DORCHESTER COUNTY, S.C. (WCBD) – The family of a long-time patient at the Coastal Center in Dorchester County is speaking out about what they call abuse at the facility.

The facility is one of five in the state run by the South Carolina Department of Disabilities and Special Needs (DDSN).

78-year-old Dorothy Dunmeyer has been in long-term care since the age of 16. For the last 41 years, she has lived at the Coastal Center. Dunmeyer is blind and mute with other medical conditions that require around-the-clock care.

“Dorothy cannot bother anyone, she does not bother anyone,” said Annette Green, Dunmeyer’s sister and legal guardian.

Green said it wasn’t until the last decade or so that problems have come up.

“There’s so many things going on in the facility and we get no answers.”

Green keeps a detailed list of injuries Dunmeyer has sustained over the years including lacerations, one requiring stitches, to the area around her eyes, deep scratches on her back, a fractured nose, and more.

Green said the most recent incident happened within the last week.

“We got a phone call from the nurses saying she had bruises. We came down and she has bruises all over her body,” she said.

Green claims when she questions facility staff, they say they don’t know what happened.

“Everyone in the medical field and other people out of the medical field have to have training. So you can’t tell me that someone couldn’t tell us anything? All we got last night was ‘I dont know. I dont know what happened.'”

The Dorchester County Sheriff’s Office (DCSO) was called to the facility on Sunday evening by Green who filed a report of abuse. She has also been in contact with South Carolina Law Enforcement Division (SLED) over the years as well as a Long Term Care Ombudsman in the state. Green said nothing is being done and believes the abuse will continue until a resolution is made.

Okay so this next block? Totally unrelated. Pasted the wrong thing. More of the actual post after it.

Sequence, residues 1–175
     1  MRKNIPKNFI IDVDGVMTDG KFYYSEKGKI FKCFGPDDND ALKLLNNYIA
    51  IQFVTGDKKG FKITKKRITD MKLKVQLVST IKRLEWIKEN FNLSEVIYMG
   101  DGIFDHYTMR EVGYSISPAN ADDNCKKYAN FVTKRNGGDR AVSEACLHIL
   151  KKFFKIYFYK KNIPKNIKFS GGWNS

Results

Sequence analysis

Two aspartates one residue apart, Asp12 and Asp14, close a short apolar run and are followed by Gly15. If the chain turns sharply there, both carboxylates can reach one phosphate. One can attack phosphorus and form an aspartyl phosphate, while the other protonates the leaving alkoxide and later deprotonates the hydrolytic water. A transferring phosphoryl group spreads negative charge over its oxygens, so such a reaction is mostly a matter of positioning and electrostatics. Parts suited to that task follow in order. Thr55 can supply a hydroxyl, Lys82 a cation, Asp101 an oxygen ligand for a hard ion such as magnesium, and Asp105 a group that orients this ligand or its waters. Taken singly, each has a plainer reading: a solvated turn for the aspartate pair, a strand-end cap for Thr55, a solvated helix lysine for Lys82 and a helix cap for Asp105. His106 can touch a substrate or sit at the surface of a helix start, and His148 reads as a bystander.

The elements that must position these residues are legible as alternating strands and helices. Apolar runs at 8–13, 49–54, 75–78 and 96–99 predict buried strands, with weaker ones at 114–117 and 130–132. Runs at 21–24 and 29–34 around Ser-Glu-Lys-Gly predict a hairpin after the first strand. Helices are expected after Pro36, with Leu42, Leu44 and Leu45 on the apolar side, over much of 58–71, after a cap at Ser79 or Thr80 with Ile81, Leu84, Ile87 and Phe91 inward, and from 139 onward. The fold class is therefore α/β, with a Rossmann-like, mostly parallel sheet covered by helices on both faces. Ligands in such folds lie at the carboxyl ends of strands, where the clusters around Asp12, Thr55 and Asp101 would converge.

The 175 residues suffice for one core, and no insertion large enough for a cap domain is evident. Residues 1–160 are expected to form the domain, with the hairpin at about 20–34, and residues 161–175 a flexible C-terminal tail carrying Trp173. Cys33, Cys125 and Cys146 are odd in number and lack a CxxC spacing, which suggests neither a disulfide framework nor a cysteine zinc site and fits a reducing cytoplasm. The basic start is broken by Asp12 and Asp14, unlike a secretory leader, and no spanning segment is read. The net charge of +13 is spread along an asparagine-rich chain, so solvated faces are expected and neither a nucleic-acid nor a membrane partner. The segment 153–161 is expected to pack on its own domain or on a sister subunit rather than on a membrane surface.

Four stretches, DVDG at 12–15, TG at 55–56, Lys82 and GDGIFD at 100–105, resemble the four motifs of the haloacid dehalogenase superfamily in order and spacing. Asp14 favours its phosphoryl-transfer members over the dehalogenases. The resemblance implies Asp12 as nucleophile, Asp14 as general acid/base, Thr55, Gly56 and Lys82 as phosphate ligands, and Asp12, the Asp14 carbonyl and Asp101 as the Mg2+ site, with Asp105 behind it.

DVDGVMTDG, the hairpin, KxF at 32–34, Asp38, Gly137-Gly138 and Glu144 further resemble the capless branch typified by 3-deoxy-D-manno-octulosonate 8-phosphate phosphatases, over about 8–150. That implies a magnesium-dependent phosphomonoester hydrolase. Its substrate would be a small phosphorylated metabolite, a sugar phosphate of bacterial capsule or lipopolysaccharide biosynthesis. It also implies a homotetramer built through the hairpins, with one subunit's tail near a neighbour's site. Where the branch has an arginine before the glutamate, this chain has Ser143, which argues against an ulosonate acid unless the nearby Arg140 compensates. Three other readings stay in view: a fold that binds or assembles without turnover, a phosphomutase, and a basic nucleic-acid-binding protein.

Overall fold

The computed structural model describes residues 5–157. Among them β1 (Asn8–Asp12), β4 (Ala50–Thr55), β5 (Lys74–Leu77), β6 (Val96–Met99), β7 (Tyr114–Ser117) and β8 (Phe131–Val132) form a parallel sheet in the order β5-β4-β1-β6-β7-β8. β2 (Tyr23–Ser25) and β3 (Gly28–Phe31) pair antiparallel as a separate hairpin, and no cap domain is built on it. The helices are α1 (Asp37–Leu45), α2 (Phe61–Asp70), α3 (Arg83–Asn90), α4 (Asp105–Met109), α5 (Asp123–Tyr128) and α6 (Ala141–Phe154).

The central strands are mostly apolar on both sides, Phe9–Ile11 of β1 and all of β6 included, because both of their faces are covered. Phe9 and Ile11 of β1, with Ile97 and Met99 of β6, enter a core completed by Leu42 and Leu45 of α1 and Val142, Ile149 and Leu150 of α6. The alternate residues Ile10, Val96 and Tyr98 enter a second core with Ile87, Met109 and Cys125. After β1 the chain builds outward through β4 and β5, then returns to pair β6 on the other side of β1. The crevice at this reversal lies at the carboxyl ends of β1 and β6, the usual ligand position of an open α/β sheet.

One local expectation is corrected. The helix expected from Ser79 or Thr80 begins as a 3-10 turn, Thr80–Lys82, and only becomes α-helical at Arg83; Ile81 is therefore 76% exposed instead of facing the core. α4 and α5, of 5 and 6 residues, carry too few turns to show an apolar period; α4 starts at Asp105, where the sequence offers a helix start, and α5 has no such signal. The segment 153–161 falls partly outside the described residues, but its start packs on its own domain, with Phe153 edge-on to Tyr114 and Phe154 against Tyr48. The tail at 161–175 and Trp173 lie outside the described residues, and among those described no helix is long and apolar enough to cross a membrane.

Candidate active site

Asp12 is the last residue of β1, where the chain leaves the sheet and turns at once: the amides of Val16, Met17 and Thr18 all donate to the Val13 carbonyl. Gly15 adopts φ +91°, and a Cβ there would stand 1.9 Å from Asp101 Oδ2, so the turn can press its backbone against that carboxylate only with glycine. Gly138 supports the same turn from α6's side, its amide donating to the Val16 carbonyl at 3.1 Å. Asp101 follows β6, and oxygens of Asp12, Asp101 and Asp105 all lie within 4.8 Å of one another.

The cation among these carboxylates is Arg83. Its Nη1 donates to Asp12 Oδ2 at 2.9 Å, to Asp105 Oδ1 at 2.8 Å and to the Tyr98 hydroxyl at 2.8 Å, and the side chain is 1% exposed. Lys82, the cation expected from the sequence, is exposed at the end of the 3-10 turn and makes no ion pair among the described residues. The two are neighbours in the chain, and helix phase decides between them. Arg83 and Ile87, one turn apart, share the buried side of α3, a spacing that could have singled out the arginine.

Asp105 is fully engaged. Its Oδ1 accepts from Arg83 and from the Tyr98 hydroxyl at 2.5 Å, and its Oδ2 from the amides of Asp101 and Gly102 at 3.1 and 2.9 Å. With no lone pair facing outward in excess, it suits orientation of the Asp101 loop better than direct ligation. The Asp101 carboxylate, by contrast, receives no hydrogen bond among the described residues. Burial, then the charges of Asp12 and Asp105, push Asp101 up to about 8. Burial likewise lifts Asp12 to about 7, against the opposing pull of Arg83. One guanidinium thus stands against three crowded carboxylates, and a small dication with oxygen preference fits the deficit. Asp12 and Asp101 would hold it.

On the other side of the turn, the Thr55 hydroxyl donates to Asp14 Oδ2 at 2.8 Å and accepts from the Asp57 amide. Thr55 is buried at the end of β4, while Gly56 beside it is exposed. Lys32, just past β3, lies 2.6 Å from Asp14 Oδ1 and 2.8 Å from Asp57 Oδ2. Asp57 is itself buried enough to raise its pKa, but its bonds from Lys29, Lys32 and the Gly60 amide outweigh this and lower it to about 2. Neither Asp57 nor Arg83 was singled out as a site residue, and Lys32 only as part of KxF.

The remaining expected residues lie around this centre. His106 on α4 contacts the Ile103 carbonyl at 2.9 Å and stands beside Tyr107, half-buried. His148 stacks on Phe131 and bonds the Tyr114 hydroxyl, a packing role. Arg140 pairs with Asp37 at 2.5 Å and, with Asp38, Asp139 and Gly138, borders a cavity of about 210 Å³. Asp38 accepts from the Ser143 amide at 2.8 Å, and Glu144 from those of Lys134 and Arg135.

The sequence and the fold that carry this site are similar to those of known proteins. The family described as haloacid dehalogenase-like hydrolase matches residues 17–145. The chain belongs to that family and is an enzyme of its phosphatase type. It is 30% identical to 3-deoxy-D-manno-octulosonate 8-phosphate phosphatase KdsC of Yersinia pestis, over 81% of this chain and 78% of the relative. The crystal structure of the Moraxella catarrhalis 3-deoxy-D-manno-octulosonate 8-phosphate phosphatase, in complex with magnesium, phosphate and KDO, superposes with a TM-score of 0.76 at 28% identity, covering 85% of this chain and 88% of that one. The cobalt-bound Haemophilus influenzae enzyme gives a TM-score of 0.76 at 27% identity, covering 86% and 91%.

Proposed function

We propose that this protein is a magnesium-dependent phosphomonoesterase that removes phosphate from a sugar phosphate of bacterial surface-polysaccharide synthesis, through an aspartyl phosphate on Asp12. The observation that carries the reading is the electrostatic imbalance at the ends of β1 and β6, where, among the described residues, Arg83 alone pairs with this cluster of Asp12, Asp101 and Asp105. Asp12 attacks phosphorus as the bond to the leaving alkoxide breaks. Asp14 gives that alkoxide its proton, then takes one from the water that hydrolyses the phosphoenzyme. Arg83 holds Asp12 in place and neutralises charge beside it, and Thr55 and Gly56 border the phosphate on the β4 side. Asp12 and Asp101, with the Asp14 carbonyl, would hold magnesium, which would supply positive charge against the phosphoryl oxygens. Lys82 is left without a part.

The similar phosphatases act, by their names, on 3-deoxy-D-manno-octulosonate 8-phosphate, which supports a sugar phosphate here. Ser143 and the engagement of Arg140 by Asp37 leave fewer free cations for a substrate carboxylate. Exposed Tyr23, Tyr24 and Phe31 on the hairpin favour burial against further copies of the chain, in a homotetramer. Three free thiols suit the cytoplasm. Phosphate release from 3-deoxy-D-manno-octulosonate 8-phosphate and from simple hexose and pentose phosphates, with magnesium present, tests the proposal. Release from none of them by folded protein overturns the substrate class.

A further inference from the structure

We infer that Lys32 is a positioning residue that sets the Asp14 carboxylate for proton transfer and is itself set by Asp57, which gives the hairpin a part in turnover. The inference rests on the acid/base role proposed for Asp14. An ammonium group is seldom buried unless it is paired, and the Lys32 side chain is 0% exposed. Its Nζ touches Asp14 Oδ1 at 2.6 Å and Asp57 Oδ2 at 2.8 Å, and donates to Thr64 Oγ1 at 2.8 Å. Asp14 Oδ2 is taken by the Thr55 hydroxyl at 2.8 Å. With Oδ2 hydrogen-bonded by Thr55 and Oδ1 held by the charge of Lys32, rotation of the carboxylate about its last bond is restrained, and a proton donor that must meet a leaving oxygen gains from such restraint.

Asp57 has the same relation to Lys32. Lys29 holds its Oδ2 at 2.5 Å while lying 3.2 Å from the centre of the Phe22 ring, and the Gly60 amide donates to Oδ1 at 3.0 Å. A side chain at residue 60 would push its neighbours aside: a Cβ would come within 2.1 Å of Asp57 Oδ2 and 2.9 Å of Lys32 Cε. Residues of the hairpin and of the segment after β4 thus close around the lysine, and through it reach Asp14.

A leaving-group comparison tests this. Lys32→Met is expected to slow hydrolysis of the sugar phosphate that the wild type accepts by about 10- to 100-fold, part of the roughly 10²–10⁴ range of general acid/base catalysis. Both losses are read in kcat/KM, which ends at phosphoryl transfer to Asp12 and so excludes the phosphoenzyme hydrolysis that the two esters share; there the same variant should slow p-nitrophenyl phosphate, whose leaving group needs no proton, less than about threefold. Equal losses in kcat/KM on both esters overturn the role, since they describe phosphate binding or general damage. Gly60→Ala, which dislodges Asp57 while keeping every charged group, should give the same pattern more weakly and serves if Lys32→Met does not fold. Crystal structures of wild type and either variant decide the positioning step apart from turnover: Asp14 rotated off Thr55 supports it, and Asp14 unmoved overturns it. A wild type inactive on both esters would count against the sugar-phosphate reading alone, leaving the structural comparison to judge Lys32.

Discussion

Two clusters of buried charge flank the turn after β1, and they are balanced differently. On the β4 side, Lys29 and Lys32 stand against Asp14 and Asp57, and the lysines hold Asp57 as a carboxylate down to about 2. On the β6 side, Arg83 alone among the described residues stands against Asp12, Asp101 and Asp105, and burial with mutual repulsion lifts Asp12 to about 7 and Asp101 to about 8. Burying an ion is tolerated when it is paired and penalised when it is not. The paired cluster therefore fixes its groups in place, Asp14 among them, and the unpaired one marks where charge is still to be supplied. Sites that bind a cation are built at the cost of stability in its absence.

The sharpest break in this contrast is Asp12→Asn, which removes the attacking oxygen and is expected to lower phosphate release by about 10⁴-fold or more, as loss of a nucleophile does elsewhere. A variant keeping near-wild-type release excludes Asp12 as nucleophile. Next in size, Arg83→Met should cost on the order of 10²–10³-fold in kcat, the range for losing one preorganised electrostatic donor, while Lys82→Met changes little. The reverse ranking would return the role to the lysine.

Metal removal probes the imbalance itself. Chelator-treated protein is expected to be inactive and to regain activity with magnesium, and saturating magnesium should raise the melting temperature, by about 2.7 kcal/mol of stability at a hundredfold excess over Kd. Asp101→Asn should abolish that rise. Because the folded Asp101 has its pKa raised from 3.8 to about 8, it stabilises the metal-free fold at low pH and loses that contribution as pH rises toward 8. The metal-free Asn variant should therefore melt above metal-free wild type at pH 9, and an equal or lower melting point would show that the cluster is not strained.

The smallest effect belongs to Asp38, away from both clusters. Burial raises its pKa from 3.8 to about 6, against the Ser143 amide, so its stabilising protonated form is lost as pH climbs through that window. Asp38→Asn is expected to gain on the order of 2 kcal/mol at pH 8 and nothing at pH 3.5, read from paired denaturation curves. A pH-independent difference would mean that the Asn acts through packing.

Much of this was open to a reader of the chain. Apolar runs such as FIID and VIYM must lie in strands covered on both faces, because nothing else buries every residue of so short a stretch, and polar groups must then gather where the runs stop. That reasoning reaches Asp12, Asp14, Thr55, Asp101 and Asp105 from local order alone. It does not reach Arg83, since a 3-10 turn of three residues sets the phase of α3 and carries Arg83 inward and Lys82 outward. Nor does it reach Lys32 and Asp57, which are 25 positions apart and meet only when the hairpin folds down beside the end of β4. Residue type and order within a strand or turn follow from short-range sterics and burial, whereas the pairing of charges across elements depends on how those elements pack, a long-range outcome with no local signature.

“We have gotten in as many people as we know to come and help us because we have been crying out about the abuse, neglect and everything for a long time,” said Green.

State agents say the facility has a history of abuse allegations.

In May 2022, three employees were fired from the Coastal Center and arrested by SLED for abuse of a vulnerable adult.

In August 2021, seven employees were fired from another DDSN assisted-living facility, The PeeDee Regional Center. SLED said two people were charged with abuse of a vulnerable adult following an incident that occurred on May 3 and five others were charged with failing to report abuse.

Additionally, DDSN is currently undergoing its third audit since 2008 by the state Legislative Audit Council (LAC). All three audits have been requested by state lawmakers. One was conducted in 2008, another in 2014, and the third was requested in 2021. Results are expected to be published in the spring.

According to the LAC, the current audit objectives, which focus on regional care centers, include:

  • How DDSN consumers are being treated
  • If DDSN is providing needed and timely services to consumers
  • How the agency is protecting consumers from abuse, neglect and exploitation
  • Review staffing to determine any issues
  • Review documentation to learn if staff training is required and adequate
  • Gauge how DDSN staff members communicate and work together

News 2 reached out to DDSN about the alleged abuse at the Coastal Center. The agency responded with the following statement.

“All allegations of abuse involving DDSN will be vetted through the proper authorities.”

S.C. Department of Disabilities and Special Needs

News 2 also reached out to SLED about the allegations. SLED responded with the following statement.

“SLED is aware of the allegations of abuse. SLED is not investigating at this time. This matter has been referred to the Long Term Care Ombudsman for review.”

S.C. Law Enforcement Division

The Dorchester County Sheriff’s Office said they have sent their information to SLED to let the state agency decide how to proceed.

Green and her family want answers and justice for their loved one.

“We have called and reported it to the director here. We’ve had meetings over and over again,” said Green. “But we are not turning a blind eye this time.”